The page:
I test drove the Rav4, CX-5, Escape, and Santa Fe before deciding finally on the Tucson. My previous vehicle was a VW GTI, so it was important to me to get something that still looked and felt sporty while driving it and this Tucson qualifies for all of that. While I felt the CX-5 handled slightly better around curves, the Tucson gave a smooth and quiet ride. The acceleration is there when I need it, without the bumps of a sporty suspension. Unfortunately, in Hyundai, in order to get a sunroof one must purchase the highest model (Limited-Ultimate) that also comes with navigation and leather seats (with rear passenger heated seats)! Also, the cargo cover and all weather mats do not come standard and can carry a hefty price tag. For me, the bonuses that came with the panoramic sunroof were worth the extra price! I will say I have noticed that this 7-speed transmission can take some getting used to. Much like my GTI DSG transmission, even though it's an automatic, it FEELS like a manual at times. On inclines, and some coasting to acceleration scenarios the transmission has lagged to shift into the correct gear. I'm currently researching this to see if there is something wrong or just something to get used to. Update: There were some software updates Hyundai provided regarding the transmission and that did improve things dramatically. While I feel like the acceleration is better than most of the SUV/Crossovers I test drove, it still doesn't "GO!" like I was used to with my GTI, which is just an unrealistic expectation for this type of vehicle & price point. For example, If I don't continue accelerating through a 4 leaf clover on-ramp to get on the interstate (and coast through the curve instead), it takes a long time to get up to speed, even if the "pedal is to the metal." I think I only notice this because I came from the GTI which was VERY responsive. Now that the weather is cooler, my rear seat passengers love their rear seat heaters, and everyone seems to have plenty of leg room. I love the extra space I get when I fold the seats down, too.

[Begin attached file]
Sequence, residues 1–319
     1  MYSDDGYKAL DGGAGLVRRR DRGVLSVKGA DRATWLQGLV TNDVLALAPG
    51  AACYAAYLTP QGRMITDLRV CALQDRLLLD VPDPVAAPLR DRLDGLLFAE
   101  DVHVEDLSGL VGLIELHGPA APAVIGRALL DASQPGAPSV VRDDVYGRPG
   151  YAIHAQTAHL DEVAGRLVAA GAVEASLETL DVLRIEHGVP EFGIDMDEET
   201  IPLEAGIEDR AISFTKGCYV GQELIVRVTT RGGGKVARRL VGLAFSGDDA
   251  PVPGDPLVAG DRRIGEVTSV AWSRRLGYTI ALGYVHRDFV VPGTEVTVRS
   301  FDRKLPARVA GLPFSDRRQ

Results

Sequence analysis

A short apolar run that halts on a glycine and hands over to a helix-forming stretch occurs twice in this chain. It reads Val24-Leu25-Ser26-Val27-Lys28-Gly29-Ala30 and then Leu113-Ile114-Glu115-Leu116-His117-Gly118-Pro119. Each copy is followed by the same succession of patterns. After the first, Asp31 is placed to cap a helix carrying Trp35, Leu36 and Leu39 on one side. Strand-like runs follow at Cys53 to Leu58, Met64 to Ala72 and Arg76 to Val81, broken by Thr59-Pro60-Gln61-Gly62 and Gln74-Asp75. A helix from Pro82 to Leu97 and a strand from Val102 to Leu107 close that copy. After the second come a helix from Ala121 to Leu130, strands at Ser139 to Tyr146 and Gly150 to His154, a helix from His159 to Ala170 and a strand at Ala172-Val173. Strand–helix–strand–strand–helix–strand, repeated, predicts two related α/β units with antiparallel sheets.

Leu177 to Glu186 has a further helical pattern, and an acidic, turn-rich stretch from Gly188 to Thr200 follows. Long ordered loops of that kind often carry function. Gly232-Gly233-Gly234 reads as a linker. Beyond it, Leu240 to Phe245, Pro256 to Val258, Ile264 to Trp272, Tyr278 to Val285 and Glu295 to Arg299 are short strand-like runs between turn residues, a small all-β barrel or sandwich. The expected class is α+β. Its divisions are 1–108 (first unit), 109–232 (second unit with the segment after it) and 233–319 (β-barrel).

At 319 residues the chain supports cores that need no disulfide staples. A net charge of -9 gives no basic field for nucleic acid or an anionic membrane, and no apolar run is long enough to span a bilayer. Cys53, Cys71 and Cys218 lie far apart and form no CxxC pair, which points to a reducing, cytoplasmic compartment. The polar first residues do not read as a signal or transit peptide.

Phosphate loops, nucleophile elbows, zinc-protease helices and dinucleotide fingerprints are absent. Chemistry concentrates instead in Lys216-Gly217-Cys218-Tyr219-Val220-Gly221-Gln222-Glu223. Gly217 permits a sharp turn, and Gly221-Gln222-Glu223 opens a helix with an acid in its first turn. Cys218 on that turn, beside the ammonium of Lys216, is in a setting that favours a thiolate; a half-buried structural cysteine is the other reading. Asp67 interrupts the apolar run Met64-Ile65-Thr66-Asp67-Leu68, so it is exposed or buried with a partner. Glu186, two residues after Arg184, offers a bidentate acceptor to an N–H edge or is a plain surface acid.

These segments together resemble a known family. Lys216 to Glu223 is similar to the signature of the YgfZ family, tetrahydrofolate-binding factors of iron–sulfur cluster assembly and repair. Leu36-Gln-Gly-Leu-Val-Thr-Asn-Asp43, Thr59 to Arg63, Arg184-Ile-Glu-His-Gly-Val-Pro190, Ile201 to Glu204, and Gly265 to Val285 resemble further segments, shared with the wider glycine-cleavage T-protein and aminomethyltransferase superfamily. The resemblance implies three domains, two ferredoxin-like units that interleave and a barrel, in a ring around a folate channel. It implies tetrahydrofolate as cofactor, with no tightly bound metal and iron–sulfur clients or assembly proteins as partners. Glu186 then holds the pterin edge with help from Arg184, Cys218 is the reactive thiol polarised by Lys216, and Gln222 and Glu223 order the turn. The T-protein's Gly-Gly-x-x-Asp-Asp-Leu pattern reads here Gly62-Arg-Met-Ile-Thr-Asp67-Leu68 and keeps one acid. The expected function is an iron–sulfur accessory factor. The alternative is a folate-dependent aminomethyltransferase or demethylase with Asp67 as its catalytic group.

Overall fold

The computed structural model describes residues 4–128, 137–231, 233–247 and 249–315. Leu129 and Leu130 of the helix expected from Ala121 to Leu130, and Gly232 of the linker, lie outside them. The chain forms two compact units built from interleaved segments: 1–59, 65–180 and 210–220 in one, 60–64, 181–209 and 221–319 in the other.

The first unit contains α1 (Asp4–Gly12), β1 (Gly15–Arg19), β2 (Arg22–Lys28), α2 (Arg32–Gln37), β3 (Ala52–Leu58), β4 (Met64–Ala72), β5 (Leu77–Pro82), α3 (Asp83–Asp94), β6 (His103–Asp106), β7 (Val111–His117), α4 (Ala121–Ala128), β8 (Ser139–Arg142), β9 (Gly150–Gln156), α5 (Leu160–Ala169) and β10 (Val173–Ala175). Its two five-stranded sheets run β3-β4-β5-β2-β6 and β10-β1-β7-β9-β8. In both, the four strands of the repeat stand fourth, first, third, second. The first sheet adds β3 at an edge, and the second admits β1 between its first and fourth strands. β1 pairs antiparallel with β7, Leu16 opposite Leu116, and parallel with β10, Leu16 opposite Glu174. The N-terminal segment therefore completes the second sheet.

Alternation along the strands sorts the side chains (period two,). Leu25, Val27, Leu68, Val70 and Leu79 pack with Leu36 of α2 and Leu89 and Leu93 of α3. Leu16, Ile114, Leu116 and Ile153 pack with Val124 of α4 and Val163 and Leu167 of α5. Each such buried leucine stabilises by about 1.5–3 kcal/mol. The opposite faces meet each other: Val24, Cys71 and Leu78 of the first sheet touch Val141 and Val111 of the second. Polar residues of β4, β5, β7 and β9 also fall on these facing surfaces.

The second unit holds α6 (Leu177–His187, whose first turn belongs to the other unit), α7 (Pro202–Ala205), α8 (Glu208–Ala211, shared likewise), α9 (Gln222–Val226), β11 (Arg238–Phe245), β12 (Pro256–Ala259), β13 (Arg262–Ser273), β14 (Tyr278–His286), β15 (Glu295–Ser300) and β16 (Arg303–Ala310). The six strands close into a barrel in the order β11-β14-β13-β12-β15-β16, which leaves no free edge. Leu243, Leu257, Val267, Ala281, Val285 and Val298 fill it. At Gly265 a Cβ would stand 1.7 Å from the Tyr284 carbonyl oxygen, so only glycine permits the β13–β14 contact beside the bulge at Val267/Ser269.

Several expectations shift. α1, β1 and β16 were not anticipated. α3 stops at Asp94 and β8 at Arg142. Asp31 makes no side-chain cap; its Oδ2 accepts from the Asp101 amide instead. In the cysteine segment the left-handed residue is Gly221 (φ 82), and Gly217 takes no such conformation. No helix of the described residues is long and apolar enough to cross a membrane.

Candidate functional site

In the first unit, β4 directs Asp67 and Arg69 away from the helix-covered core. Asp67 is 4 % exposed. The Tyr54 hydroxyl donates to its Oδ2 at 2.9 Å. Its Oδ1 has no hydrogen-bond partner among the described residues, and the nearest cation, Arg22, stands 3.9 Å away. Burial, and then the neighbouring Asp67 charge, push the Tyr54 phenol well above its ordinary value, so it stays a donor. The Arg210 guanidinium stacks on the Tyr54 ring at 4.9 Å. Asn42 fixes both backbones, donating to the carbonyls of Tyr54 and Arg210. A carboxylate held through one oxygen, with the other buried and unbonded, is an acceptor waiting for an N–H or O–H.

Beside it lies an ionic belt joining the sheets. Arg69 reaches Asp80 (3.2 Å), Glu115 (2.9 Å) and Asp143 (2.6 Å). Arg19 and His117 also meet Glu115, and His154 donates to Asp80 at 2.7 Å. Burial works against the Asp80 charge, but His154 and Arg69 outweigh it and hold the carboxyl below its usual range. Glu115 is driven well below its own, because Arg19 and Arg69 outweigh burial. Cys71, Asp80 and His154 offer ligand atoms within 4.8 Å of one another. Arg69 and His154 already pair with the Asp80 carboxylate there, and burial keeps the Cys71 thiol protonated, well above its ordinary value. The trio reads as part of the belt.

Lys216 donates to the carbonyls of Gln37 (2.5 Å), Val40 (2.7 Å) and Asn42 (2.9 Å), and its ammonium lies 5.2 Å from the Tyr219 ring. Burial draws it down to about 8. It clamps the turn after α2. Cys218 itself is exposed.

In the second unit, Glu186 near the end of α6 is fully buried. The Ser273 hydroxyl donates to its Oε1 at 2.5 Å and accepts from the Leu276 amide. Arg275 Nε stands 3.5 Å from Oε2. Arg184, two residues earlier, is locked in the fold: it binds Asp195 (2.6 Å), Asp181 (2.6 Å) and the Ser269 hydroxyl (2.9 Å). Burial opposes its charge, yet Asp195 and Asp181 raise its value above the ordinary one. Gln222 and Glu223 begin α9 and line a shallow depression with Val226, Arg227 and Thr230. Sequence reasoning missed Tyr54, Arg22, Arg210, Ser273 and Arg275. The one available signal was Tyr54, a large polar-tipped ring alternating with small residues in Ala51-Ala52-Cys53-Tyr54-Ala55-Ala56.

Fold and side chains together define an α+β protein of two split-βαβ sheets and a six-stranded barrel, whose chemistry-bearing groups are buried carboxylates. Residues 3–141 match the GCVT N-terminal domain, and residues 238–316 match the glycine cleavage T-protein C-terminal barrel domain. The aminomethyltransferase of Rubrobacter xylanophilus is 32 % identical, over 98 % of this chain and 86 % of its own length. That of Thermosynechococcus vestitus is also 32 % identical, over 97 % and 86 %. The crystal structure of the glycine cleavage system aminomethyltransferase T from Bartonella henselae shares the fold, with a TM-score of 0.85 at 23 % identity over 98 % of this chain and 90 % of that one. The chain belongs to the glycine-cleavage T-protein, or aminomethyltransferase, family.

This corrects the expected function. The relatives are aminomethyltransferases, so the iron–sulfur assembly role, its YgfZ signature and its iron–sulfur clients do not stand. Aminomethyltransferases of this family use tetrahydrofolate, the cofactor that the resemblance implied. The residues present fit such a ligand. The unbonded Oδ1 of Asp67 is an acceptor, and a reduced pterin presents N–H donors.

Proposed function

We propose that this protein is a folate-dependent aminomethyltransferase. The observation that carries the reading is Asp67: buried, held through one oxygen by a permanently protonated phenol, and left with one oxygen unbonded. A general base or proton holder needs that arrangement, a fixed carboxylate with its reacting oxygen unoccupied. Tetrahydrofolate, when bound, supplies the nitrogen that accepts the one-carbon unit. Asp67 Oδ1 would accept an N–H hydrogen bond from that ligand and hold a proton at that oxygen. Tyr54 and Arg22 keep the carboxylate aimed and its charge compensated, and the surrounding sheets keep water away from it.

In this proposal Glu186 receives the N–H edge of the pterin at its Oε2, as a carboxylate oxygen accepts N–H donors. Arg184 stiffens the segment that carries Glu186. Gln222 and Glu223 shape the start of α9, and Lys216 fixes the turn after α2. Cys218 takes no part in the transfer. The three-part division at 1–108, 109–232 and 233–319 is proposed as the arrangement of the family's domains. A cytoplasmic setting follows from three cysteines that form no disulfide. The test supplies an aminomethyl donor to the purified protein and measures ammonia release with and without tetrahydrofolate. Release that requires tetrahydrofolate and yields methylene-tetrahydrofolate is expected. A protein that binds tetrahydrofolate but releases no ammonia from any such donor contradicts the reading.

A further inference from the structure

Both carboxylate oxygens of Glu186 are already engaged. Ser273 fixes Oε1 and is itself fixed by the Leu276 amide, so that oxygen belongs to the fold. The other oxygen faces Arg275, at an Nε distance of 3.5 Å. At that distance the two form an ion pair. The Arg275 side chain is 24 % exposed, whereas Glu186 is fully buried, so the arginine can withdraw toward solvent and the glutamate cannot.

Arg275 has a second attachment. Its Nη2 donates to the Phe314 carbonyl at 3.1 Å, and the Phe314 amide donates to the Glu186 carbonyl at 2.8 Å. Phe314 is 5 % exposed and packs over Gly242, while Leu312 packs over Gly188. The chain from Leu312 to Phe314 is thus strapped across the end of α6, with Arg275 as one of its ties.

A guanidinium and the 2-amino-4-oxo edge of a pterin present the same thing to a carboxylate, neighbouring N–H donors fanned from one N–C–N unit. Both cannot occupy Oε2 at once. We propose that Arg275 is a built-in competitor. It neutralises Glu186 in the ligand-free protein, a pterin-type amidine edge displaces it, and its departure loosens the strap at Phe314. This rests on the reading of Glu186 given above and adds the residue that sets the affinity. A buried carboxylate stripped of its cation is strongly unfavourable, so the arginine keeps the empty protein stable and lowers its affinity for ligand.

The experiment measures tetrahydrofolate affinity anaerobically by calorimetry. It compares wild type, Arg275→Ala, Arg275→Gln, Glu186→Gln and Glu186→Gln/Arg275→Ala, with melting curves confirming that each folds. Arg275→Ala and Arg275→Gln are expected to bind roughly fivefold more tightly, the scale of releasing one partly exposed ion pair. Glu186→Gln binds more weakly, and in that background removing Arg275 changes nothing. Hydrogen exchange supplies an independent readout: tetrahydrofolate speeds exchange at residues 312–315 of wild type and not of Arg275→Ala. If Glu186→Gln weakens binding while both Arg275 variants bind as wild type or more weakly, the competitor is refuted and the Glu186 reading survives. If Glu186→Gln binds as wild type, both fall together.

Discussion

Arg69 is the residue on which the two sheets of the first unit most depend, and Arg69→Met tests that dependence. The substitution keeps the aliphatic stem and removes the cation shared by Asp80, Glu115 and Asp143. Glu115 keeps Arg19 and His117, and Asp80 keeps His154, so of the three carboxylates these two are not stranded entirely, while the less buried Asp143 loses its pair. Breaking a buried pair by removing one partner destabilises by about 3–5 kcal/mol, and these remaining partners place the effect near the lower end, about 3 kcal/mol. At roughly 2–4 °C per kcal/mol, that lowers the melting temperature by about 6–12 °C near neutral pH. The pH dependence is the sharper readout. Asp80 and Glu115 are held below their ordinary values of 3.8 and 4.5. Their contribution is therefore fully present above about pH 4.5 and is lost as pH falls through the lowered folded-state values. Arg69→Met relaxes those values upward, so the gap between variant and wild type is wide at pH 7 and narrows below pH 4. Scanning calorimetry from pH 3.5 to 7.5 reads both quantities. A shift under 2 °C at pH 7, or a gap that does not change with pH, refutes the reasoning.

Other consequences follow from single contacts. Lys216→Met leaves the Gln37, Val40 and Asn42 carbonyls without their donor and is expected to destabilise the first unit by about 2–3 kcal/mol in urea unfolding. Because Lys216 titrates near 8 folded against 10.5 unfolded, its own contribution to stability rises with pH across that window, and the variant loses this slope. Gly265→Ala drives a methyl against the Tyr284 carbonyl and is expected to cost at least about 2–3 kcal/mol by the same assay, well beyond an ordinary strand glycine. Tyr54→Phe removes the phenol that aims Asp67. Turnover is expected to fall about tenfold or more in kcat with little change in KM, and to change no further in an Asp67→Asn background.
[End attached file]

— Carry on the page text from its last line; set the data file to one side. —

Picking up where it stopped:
First off, this is a STRIPPER model. No frills, base model with very few options. BUT.... what all do you need? Power windows and locks? check. Cruise? check. AC? check. Audio system? check. What else do you really need? I'm 50 and can remember when all the above was OPTIONAL stuff. Coming from different vehicles, I can say this vehicle works. It isn't super fast. It's a Crossover. Do I really need to sub 6 second 0 - 60 times? No. The audio is simple to use. It even has a TUNING knob. Does it have nav? Nope. but that's a hassle anymore if you have a smart phone. Google Maps is always updated. The Tucson is showing 27 mpg after the first week. Pretty good I think. Not the best, not the worst. And we live in hilly area at base of mountains, so 27 is pretty good in mixed driving. I do miss the power seats of my previous vehicles. Especially as my wife & I change drivers. The seat is not the most comfortable, but hoping as it wears in, will be less aggravation. It's good looking, practical transportation. No more, no less.
We had been casually in the market for a new AWD SUV as my commute becomes quite snowy, with regular chain control areas (we live in a mountain community). The combination of generous incentives and aggressive dealer pricing drew towards the Tucson. The SE Plus combines many of the high end options found in the Limited trim line with the more "established" six-speed transmission and the NA 2.0L engine. The vehicle fit our lifestyle and budget, and the safety scores were persuasive with a three year old in the family. The power isn't overwhelming, but I've never felt like I've lacked for kick when merging or passing. The tech works, the interior is well designed and user friendly, and the exterior looks modern yet understated. We looked at the Nissan Rogue, Honda CR-V, Toyota RAV-4, and the Ford Escape as well. While the Tucson wasn't the clear winner in any category, it felt like the best compromise of features, track record, and cost.
I bought this car knowing nothing about Hyundai. To me, the styling looks like many other car is the same category. The car, in my opinion, is a great deal for what you get. The engine is also spectacular. The transmission is clunky and almost feels like it's slipping. However, give it more gas and everything sorts itself out. MPG is just ok, and I don't drive it aggressively. Features are pretty sparse, but the ones that are there are very nice. I find the space to be plenty, and well designed. The view out the back has a pretty big blind spot and backing up can be difficult, especially on a busy road.
We bought a 2017 Tucson Sport for our retirement. We recently drove it from Chicago to Florida and back, racking up approximately 4K miles over two months. Our Tucson performed flawlessly. It ran all day at 70+ MPH while staying steady and quiet. The turbo produces plenty of power for climbing hills, merging, and passing at highway speeds. While it's not a sports car it handled the twists and turns quite capably. The automatic lift gate is a wonderful convenience. And the blind spot monitoring is a lifesaver, especially in Chicago traffic. Overall we would enthusiastically recommend the Tucson Sport to anyone considering a compact SUV.